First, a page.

4. I tried to read Little Women when I was in about in Middle School and just didn't like it. I am tempted to try it now, as an adult, as so many people have such fond recollections of that book. I may have to put in on my list of classics to read or reread. So many books....

  5. Great review! I am going to read this for my classics challenge under the YA category and I am really looking forward to it.

  6. Thisisme@ No I read at a very normal pace I think just as often as I can, which is not often enough at the moment. Your TBR list appears to be growing thanks to me, sorry!
    Mirella@ Absolutely, I look forward to seeing what you choose.
    Avid Reader @ It is a very quick read and interesting to see how one views it differently through adult eyes.
    Pam@ It might be worth another try?
    Brenna@ Do please pop back and post the link here when you have written your review.

  7. One of my favorite books.I've somehow never managed to read the unabridged version. I need to classics more.

  8. Can you believe I've never actually read thi book? Shameful, I know.

  9. Bedazzled@ You may well have read it as 'Good Wives' as it was also published in two parts.

    Talli@ Yes as there are just so many books in the world waiting to be read, not shameful at all.

  10. Oh how wonderful! Little Women was the very first "big" book I read - when I was 8 years old, and it opened my eyes to the world of imagination. We had the Readers' Digest Companion Books series, and so I read LW, followed by Good Wives, then Little Men, and then Jo's Boys. It is right up there with Anne of Green Gables, and Pride and Prejudice for books I will read again and again and again, for the pure JOY I get from them. Now I have an ESL version for my daughter, and so it will be the first chapter book she reads in English :-)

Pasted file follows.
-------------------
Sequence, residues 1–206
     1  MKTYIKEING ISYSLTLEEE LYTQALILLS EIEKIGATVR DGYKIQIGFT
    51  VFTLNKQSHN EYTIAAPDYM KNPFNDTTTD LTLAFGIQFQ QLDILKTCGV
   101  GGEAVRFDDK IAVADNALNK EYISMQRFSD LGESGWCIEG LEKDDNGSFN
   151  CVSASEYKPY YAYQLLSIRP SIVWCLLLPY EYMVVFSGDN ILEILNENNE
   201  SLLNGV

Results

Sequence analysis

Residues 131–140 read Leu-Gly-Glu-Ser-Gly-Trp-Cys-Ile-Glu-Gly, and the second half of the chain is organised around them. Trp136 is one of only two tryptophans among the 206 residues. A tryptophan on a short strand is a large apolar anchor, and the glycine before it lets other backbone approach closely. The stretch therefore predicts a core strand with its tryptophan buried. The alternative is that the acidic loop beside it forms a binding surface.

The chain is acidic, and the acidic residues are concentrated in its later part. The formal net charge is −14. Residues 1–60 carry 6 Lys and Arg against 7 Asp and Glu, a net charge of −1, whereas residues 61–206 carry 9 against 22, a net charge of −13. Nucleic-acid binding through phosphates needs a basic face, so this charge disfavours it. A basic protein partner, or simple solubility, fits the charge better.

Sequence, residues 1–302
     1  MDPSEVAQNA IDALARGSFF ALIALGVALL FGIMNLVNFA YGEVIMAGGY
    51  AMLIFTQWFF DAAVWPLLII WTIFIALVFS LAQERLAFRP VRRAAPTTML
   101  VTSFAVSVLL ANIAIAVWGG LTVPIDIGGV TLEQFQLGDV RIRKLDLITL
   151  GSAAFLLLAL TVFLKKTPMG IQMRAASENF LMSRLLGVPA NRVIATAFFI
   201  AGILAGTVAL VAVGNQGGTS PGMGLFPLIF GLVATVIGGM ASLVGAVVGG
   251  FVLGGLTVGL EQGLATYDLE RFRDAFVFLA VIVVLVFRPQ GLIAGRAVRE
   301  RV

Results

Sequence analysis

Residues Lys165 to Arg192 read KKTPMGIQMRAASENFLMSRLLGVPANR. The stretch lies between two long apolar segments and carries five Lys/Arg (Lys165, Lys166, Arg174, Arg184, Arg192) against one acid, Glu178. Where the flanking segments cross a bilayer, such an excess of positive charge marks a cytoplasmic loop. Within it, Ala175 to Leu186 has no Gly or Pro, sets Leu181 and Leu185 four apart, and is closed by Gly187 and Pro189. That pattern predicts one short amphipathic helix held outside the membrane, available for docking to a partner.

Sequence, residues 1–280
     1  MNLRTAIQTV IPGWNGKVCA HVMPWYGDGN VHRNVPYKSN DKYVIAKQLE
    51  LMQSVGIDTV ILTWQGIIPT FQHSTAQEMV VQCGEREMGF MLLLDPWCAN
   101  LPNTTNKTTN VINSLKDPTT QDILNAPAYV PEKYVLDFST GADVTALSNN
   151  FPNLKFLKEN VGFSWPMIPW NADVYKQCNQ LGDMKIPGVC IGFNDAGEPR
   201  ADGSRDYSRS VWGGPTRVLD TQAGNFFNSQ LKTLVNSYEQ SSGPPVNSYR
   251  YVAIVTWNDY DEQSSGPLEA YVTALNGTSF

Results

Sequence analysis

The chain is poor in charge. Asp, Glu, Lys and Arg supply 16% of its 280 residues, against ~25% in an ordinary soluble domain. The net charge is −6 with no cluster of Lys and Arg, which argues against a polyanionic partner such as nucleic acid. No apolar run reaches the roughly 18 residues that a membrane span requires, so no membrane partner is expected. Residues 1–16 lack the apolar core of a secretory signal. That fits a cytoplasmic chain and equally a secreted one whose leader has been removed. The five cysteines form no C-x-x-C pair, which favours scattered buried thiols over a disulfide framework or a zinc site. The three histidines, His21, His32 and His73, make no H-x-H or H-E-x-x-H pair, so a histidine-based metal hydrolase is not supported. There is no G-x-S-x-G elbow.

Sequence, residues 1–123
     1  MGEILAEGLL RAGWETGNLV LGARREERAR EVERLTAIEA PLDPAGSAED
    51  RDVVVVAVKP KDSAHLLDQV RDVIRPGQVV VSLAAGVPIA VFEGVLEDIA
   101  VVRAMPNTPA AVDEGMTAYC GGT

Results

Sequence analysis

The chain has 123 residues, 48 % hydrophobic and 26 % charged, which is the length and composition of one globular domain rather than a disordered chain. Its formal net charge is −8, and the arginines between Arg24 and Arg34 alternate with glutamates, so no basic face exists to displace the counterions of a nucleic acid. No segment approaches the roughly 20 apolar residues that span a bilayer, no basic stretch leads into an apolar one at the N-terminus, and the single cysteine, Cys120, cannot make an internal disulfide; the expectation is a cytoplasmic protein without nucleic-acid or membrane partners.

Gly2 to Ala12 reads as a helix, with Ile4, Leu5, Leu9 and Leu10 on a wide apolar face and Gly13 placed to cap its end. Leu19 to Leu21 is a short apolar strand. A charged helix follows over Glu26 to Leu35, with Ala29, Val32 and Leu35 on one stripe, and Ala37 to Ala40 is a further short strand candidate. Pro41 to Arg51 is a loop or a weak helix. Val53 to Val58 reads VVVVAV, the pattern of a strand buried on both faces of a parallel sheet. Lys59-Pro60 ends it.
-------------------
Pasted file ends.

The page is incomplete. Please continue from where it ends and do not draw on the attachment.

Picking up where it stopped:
11. Picked up this book yesterday after reading your review.

  12. Oooh, I LOVED this book when I was a teenager. It made want to write my own family newspaper!!

    I hadn't thought to reread it as an adult....but you're doing a good job persuading me!


  13. Jo@ Yes I read them all as well, but only ones I still have copies of are LW and PP. It is lovely to think your daughter is going to be reading this, as I mentioned it still has relevance.

    Vibha@ I will look forward to your review :)

    Sarah@ I used to do that sort of thing as a child as well, newspapers and tape radio shows!!

  14. i like little woman! i thk its the best

  15. Lily@ Welcome and thanks for your comment.

  16. Love, love, love this book! And the movies!!!

  17. This book is on my list for the Victorian challenge too. Can't wait to finally read it. I don't know why I haven't already.

    BTW, thanks for your well wishes for my recent trip. It was much appreciated.

  18. I LOVE Little Women! I remember my parents giving me the book when I was 12.

  19. EmptyNester@ I have missed out somehow as never seen any of the films!

    BookQuoter@ I will be interested to hear what you think.

    Buckeroomama@ I hope you have saved it for your daughter.